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Arita Porcelain 400th Anniversary Event in the Kyushu Ceramic Museum report 1

USEUM ARITA: Appreciating the greatest porcelain of our time and savoring the cuisine of Saga

The Saga region is proud home to living national treasures and the three renowned Emon ceramic dynasties – Imaemon, Kakiemon, and Tarouemon. In harmony with this outstanding exhibition, a limited-time event offering visitors the opportunity to fully enjoy both the works of ceramic masters and delicious Saga cuisine is proving extremely popular. This article explores the delights and enjoyment coming from handling and dining off fine ceramic ware.

October 14, 2016
Written By Shinsuke Miyazaki

The greatest porcelain fired by Saga's master ceramists

Japanese yakimono or ceramic ware has always been developed taking into account both the visual and tactile nature of an item; not only by simply displaying and appreciating it, but also by enjoying its touch. Particularly, with its long history and tradition stretching over four centuries, the Saga region has led the field with its master ceramists and renowned kilns, producing some of the finest pieces of each period. Starting on August 11, 2016 at the Kyushu Ceramic Museum, a special exhibition Living National Treasures and Three Emons is now showcasing the works of Saga's master ceramists, and in addition, USEUM ARITA opened its doors giving visitors a once in a lifetime opportunity to take such pieces in hand and savor them along with delicious local cuisine.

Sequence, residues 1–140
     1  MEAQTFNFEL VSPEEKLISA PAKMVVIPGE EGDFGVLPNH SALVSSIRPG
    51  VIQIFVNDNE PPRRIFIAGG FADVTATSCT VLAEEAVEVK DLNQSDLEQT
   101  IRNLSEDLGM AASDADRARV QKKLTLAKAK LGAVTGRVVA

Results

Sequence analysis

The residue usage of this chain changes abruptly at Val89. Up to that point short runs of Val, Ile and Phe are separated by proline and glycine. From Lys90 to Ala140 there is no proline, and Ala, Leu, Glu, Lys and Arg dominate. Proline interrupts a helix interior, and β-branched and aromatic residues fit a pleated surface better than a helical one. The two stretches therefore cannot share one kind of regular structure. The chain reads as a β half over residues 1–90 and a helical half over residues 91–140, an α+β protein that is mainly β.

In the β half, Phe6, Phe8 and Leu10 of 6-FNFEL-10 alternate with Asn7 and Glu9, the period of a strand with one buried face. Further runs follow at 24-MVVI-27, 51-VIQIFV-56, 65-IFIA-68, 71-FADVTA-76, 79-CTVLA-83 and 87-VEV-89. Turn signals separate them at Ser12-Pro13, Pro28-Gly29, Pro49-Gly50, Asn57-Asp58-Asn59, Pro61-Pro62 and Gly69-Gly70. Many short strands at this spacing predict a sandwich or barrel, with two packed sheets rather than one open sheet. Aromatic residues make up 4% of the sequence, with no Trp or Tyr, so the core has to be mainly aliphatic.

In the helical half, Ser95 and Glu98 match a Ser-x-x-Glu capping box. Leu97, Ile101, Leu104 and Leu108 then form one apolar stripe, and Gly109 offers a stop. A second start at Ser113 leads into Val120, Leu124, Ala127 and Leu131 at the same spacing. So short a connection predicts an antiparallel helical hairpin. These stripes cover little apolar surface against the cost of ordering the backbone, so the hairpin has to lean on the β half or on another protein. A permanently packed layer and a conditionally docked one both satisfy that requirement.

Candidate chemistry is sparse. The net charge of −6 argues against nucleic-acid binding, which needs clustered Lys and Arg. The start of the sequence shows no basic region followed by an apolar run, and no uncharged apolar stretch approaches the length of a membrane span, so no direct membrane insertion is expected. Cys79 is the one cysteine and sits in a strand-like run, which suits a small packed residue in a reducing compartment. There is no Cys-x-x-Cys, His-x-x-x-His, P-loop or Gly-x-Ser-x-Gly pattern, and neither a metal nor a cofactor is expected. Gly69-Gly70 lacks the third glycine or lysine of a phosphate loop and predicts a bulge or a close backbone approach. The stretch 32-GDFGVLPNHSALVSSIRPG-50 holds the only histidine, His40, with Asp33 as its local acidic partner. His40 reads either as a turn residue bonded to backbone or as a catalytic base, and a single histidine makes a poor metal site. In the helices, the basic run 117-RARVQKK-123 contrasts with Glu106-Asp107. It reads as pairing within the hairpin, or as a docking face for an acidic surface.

The Saga ceramists featured in the exhibition are Inoue Manji, Nakajima Hiroshi, and three ceramists, living descendants of historically significant Emon kilns, namely, Imaizumi Imaemon, Sakaida Kakiemon, and Nakazato Tarouemon. Inoue Manji from Arita is acknowledged as a living national treasure (holder of an important intangible cultural property), and master of hakuji (white porcelain) with his outstanding wheel techniques. Nakajima Hiroshi from Takeo is pursuing the perfection of seiji (celadon porcelain) known from olden times as "blue sky after rain." Imaizumi Imaemon is a living national treasure and his family has handed down skills from father to son for generations as the domain's official akae-ya (multi-colored overglaze specialist) producing Nabeshima porcelain that in the past graced many a feudal lord's dining table. Sakaida Kakiemon's ancestor fired Japan's first akae in 1647. Nakazato Tarouemon's family, once the official kiln of the Karatsu domain, preserves the techniques of old Karatsu ware. It is not an exaggeration to say that these five ceramists and their ancestors are among the foremost ceramists of not only Saga but also Japan.

Appreciating the finest cuisine served on the very finest porcelain